“You have to lose the fear of change.”

How can you do this, particularly as you have a remote workforce?

It is not easy, but I already believe that we are able to adapt to change. You have to lose the fear of change.

Who do you partner with across the organization to accomplish your goals? 

We have a great partnership with our business intelligence team. We made sure that they were not only there to work with the commercial side of the business, but that they sat with us in the newsroom … to not only address our questions and goals, but also propose new topics.

Since you started working from home in March, has anything that El Tiempo and you and your team have achieved been surprising?

We demonstrated that we could be anywhere in the world and continue to work and remain connected. There’s also the fact that dashboards and data help guide our discussions. In other words, since the daily verification of information was maintained, there was no interruption in any way to our workflows or our processes. And that opens the possibility that, let’s say, we have a new mentality and connect with our readers in a different way. 

Many times we are locked in our newsrooms without noticing what is happening outside in our neighborhoods or homes. So that has been like a kind of an experiment. Moisés Naím, the famous Venezuelan journalist, told us that this COVID-19 is a preliminary experiment for the issue of climate change that we have to face. So I think this is an experiment for the issue of both climate change and the future of journalism. It’s forced us to confront ourselves with a reality of saying, “This must be done and it must be done now, and we must not be afraid of doing it.” And you can change. In other words, you can always change. There is no need to be afraid of change.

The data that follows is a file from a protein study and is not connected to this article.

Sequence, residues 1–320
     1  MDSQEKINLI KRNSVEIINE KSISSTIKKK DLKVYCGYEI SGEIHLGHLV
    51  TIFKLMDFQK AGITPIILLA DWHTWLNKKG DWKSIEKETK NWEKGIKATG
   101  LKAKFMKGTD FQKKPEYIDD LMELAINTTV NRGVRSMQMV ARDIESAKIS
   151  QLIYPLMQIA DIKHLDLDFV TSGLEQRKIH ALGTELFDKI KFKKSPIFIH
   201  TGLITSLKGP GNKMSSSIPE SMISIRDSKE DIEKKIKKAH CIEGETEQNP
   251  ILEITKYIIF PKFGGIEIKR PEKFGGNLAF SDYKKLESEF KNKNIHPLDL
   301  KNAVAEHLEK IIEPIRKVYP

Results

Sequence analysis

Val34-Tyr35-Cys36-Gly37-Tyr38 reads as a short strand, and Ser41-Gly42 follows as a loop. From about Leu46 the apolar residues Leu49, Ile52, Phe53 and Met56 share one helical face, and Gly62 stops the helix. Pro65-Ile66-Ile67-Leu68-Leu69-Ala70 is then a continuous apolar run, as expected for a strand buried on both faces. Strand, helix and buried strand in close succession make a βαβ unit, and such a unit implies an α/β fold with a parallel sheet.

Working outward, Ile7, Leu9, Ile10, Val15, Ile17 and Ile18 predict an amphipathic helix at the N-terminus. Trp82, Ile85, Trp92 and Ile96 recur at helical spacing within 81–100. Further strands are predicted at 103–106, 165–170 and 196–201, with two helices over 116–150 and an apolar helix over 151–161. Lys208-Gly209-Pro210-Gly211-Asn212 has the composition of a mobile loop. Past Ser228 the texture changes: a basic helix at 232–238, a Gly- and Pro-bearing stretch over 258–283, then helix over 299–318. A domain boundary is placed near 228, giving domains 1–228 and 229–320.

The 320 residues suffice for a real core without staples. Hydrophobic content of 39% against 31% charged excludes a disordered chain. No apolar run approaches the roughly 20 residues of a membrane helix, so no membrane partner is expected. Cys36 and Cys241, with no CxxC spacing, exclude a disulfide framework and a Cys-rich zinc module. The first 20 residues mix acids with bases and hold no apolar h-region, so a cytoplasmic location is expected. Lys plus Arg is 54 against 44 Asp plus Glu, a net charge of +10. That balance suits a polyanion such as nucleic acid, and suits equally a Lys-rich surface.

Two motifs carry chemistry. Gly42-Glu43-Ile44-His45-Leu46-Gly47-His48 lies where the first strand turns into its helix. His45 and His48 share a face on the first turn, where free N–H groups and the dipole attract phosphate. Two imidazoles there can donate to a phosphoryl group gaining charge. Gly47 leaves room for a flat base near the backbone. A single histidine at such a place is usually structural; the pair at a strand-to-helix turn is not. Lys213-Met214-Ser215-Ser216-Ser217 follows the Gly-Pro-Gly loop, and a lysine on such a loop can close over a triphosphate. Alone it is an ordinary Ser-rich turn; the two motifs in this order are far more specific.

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What message do you have for editors who may be in a similar position to yours? 

I would go back to the beginning of the talk and say that they should look at [their organization] as an academy. We are all in a learning process, and what we are validating today may have to be updated tomorrow. 

Second, it’s important that they look for partners. This is a partnership with vendors, with colleagues, and even the competition as well. And third to enjoy it. I have really enjoyed this time, although I have been working at home for more than 120 days. 

And I think being informed by data is best, because journalism is a work of passion, is it not? Emotions play a big role. Watching the last season of [television show] “The Crown”, Queen Elizabeth is talking to one of her prime ministers, and the prime minister tells her: “I don’t let myself be governed by emotions. I am a data man, and by that I make the best decisions.” I don’t want to spoil it for anyone … but it seems to me that it must be so. In other words, emotion also counts, I will not say it does not, but it is good that, in our discussions, data always plays a central role, and not the “it seems to me”, or the “I believe”, or “readers like it”. No, there is data that tells you very well what is happening and what your audience wants, and you cannot ignore that.